With the advancements in science, healthcare technology, and socioeconomic development, people worldwide are experiencing increased lifespans [1]. In 2019, approximately one billion individuals globally were over the age of 65, and it is projected to reach 1.4 billion by 2030 and 2.1 billion by 2050 [2]. Unfortunately, older individuals are often assumed to be frail or dependent and a burden on society. The increase in the elderly population has generated a growing demand for healthcare services, leading to difficulties in allocating medical resources [3]. Consequently, there has been a significant emphasis on understanding age-related chronic diseases and developing innovative approaches to tackle these challenges, thereby alleviating the strain on healthcare systems. One of the age-related musculoskeletal diseases is sarcopenia, which is characterized by a progressive and generalized loss of skeletal muscle, resulting in accelerated loss of muscle mass and physical function [4]. It has been demonstrated by researchers that sarcopenia leads to serious healthcare issues since it is associated with increased adverse outcomes including falls, functional decline, frailty, and mortality [5]. Current research indicates that the global prevalence of sarcopenia ranges from 10 to 16% [6] and even up to 29% in some communities [7]. Among individuals aged 80 years and above, this rate can be up to 50% [8].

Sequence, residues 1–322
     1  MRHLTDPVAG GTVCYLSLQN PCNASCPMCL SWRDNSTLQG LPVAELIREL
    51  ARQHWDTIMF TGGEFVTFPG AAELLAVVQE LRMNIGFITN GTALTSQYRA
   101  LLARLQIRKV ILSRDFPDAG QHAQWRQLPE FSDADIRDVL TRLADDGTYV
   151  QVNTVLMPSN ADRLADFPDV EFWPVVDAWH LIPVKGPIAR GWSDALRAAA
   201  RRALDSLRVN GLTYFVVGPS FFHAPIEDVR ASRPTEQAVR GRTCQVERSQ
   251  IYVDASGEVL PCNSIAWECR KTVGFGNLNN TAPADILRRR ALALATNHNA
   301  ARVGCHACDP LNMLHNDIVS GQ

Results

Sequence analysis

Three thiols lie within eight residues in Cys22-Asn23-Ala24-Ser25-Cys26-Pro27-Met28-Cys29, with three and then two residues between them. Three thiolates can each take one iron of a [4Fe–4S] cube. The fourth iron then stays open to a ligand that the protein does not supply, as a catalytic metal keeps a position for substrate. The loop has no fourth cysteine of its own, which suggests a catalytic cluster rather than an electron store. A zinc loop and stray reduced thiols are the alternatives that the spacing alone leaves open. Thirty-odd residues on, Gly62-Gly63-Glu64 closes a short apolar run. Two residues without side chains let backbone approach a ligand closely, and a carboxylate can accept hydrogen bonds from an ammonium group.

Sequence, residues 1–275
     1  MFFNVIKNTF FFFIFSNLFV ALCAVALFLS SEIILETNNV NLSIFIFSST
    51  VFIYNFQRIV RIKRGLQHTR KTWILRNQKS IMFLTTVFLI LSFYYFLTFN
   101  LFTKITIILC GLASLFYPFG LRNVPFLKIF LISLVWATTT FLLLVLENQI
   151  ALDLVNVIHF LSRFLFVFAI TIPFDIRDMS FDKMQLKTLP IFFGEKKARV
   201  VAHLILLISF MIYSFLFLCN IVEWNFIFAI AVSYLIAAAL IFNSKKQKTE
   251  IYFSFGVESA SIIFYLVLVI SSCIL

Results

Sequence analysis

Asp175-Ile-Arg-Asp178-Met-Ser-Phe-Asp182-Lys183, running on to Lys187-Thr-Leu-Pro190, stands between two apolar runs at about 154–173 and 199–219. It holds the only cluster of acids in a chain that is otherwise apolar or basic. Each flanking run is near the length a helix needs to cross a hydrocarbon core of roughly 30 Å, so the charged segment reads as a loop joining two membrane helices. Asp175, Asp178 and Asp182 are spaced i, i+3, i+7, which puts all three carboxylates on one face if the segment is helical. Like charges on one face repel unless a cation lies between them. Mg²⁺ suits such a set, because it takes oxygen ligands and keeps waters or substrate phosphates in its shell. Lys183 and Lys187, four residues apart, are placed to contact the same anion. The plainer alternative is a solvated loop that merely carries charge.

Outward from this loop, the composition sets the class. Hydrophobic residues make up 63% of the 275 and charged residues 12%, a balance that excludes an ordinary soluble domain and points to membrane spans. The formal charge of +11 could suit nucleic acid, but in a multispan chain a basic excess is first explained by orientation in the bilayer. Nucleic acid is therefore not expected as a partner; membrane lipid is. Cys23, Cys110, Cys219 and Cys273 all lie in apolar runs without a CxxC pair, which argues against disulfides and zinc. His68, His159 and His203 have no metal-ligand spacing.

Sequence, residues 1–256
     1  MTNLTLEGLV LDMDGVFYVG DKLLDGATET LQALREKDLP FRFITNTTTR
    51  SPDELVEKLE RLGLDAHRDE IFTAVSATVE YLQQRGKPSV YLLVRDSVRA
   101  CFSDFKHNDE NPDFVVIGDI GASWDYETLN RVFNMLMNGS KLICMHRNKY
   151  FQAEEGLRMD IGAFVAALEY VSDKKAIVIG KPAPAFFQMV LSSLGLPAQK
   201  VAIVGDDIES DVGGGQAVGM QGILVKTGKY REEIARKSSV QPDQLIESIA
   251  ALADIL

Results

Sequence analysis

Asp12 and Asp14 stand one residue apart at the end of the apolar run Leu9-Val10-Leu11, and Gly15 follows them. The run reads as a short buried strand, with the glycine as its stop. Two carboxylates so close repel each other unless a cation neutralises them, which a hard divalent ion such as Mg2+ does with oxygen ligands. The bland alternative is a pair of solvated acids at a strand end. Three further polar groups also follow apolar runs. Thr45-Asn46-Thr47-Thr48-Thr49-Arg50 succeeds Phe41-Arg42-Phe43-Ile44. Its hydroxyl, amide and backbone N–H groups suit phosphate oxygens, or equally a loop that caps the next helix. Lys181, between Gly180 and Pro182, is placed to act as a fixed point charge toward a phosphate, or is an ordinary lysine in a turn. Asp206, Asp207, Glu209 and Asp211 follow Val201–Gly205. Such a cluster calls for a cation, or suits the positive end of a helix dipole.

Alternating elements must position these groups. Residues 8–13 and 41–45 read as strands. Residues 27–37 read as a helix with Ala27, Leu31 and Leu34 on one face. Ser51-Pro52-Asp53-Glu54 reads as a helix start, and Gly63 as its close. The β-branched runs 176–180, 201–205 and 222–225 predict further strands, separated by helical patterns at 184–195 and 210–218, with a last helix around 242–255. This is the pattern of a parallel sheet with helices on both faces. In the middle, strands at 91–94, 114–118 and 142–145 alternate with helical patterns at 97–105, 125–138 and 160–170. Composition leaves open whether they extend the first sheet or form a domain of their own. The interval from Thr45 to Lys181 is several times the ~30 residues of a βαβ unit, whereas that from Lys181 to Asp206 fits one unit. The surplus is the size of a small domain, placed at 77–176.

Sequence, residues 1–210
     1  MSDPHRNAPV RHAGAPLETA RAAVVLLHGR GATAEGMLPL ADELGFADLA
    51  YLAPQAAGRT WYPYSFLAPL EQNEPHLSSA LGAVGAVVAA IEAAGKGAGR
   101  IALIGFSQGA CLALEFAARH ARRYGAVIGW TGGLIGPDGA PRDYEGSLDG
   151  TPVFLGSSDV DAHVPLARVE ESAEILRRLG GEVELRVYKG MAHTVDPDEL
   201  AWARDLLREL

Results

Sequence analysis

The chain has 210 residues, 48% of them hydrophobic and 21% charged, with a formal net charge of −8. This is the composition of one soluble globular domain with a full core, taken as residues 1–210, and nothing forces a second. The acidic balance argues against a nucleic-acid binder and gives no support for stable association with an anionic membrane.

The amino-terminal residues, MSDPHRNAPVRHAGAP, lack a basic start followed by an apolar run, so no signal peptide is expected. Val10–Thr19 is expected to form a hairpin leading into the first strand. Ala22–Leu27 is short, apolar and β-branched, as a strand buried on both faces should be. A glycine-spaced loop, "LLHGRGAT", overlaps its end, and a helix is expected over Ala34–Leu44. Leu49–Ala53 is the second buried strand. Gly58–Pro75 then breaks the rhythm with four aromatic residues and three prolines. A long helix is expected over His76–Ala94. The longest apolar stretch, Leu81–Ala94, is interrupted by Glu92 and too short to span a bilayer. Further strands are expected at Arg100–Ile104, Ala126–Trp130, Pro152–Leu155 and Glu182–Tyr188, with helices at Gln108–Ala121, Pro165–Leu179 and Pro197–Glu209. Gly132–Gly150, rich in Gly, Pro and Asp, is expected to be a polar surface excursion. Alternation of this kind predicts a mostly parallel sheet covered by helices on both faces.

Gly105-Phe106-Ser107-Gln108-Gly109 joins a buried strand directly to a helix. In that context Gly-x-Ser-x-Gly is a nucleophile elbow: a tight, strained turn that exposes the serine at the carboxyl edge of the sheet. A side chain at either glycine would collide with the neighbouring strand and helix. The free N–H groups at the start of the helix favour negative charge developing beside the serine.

According to the revised consensus published by the Asian Working Group for Sarcopenia in 2019 (AWGS 2019) and the European Working Group on Sarcopenia in Older People (EWGSOP), the diagnosis of sarcopenia requires measurements of a combination of muscle mass, muscle strength, and physical performance [5, 9]. Currently, there are four commonly used techniques for estimating muscle mass: bioelectric impedance (BIA), dual-energy X-ray absorptiometry (DXA), computed tomography (CT), and magnetic resonance imaging (MRI) [10,11,12]. However, DXA and BIA are more widely used [4], and DXA is considered the gold standard for measuring lean body mass [13]. The need for professional operation, high cost, and lack of portability with DXA restricts its practical application in community settings. On the other hand, due to its low cost and ease of use, BIA is the most widely used technique in scientific research and clinical practice, as well as being a portable tool that can be used in various settings, including community settings [14]. Nevertheless, when estimating muscle mass using BIA, there is a significant individual prediction error [15, 16]. Different from AWGS, the EWGSOP uses low muscle strength as the primary diagnostic criterion for sarcopenia [5]. It is recommended to use a handgrip test to evaluate skeletal muscle strength in individuals with sarcopenia [9]. The shift in focus from low muscle mass to low muscle strength sarcopenia diagnosis is supported by evidence including that low grip strength is associated with repeated falls [17], low grip strength is shown to be a stronger predictor of cardiovascular mortality than blood pressure [18], and that both low grip strength and leg extensor strength were associated with impaired mobility [19]. However, the accuracy of the grip strength test results can be easily influenced by factors such as the devices used and measurement protocols [9]. In conclusion, the current diagnosis process of sarcopenia is cumbersome, time-consuming, and susceptible to various factors that impede its wider applications, especially in community settings. Additionally, it is not feasible to dynamically monitor and predict muscle function in real-time, limiting its potential in early screening and timely diagnosis of sarcopenia.